What We’re Watching: Blinken’s Middle East chats, Erdogan’s bid to split Nordics, Peru’s early election, China offers baby incentives
Blinken meets with Middle East leaders
US Secretary of State Antony Blinken picked a volatile time to visit the region. After first stopping in Egypt to meet with President Abdel Fattah el-Sissi, the US’ top diplomat touched down in Israel on Monday, where he took part in a press conference with Prime Minister Benjamin “Bibi” Netanyahu. But Blinken’s visit comes amid a violent flareup in the long-running Israeli-Palestinian conflict. Last week, Israel carried out an operation in Jenin in the West Bank, targeting members of Palestinian Islamic Jihad in an operation that killed nine people, including civilians. Meanwhile, on Friday night, a Palestinian opened fire on Jews praying at a synagogue in East Jerusalem, killing seven. Then on Saturday, a 13-year-old Palestinian boy shot a father and son in Jerusalem’s Old City. What’s more, Israel is currently in the throes of a constitutional crisis as Netanyahu’s right-wing government seeks to dilute the power of the independent judiciary. But analysts say that the top agenda item is undoubtedly Iran. Over the weekend, Israel reportedly struck a compound in the Iranian city of Isfahan used to manufacture long-range missiles. (For more on the Isfahan attack and why Iran is feeling increasing pressure at home and abroad, watch Ian Bremmer’s Quick Take here.) It’s unclear whether the US was informed in advance about the strike, but Israeli leadership has in the past clashed with Washington over Jerusalem’s go-at-it-alone approach to dealing with Iran. As things become increasingly volatile in the Iran-Israel shadow war, Blinken presumably wants to make sure that the US is kept in the loop. On Tuesday, Blinken will meet with Palestinian Authority President Mahmoud Abbas and Israel's opposition leader Yair Lapid.
Finland sticks with Sweden, despite Erdoğan’s wedge
Many thought Sweden and Finland’s NATO accession bid was all sewn up last summer. But it requires approval from all 30 bloc members, and Turkish President Recep Tayyip Erdoğan now says he is willing only to greenlight Finland’s bid. Erdoğan’s decision to hold out on Sweden comes in the wake of outcry over a protest in Stockholm where a Quran was burned earlier this month. Despite speculation that Finland, which shares a 1,300-kilometer (810-mile) border with Russia, might proceed without Sweden, Finland’s foreign minister said otherwise on Monday. He explained that his country is willing to wait until the Swedish issue is resolved thanks to security assurances from the US and Britain. In exchange for NATO membership, Erdoğan has also demanded the two countries hand over scores of Turkish and Kurdish dissidents and stop more Erdoğan critics from seeking refuge there. Expect this standoff, which is helping Erdoğan whip up nationalist fervor at home, to continue until Turkey’s presidential election on May 14.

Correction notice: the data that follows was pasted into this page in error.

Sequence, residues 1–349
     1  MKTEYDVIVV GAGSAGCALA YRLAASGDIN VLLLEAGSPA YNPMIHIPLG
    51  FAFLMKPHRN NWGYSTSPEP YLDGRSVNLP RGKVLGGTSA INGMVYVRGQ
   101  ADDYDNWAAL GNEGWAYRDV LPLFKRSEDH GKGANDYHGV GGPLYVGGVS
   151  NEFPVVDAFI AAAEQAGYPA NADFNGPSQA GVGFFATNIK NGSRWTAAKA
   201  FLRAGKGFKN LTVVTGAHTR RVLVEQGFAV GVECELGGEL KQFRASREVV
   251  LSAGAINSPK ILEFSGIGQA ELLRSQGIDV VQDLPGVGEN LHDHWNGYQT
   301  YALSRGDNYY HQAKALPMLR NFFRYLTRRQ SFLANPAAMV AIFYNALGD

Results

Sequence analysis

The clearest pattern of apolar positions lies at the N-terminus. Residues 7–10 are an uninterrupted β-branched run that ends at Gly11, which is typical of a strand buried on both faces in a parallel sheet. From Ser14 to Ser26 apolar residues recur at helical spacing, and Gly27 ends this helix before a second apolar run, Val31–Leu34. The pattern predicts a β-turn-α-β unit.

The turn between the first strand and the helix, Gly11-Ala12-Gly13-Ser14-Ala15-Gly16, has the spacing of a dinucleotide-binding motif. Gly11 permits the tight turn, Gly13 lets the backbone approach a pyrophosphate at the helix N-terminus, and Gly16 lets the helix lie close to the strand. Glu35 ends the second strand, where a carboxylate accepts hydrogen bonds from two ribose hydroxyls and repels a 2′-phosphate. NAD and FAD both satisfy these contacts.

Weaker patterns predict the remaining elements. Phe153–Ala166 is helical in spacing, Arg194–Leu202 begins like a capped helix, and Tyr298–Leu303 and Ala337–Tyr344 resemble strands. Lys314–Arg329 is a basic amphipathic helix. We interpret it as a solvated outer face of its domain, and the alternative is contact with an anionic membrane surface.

Will Peruvians vote this year?
Peru's Congress on Monday voted to reconsider holding an early election in October to help end violent protests that broke out after former President Pedro Castillo was impeached and removed in December 2022. So far, at least 58 people have died in the rallies, the majority of them Indigenous people from Peru's rural highlands who support Castillo. If the early election proposal is voted down, current President Dina Boluarte will likely present her own plan, which would also call for a first-round vote in October and a runoff in November. If that fails and the protests continue, Boluarte might just cave to the protesters by resigning, which would force the Congress president to call an immediate election, as mandated by the constitution. Confused? So are we. The bigger questions are whether angry Peruvians can wait several months to vote before the situation gets out of control, and what happens if it does. The only thing we do know is that 60% of Peruvians want elections ASAP and a whopping 89% of them resent how Congress is handling the crisis.
One Chinese province tries for more babies
For the first time since the 1960s, China’s population shrank in 2022, setting off alarm bells that its one-child policy (in place from 1980-2015) created a looming demographic crisis that will stunt the country’s economic growth and force older Chinese into poverty. With fewer young people to support the elderly in a country with a still underdeveloped social safety net, public officials are now scrambling for ways to encourage citizens to make more babies. Another sign of the times: Sichuan, home to more than 80 million people, has become the latest province to allow unmarried couples to register children to receive health benefits. (Guangdong province, which borders Hong Kong, has made similar changes. The city of Shanghai offered these reforms in 2021 before rescinding them within weeks.) The change, effective February 15, will allow unmarried women and men to register with local authorities to receive insurance to cover child-related medical bills and to keep their salaries during maternity leave. The debate within China that pits economic imperatives against family values has only begun to heat up.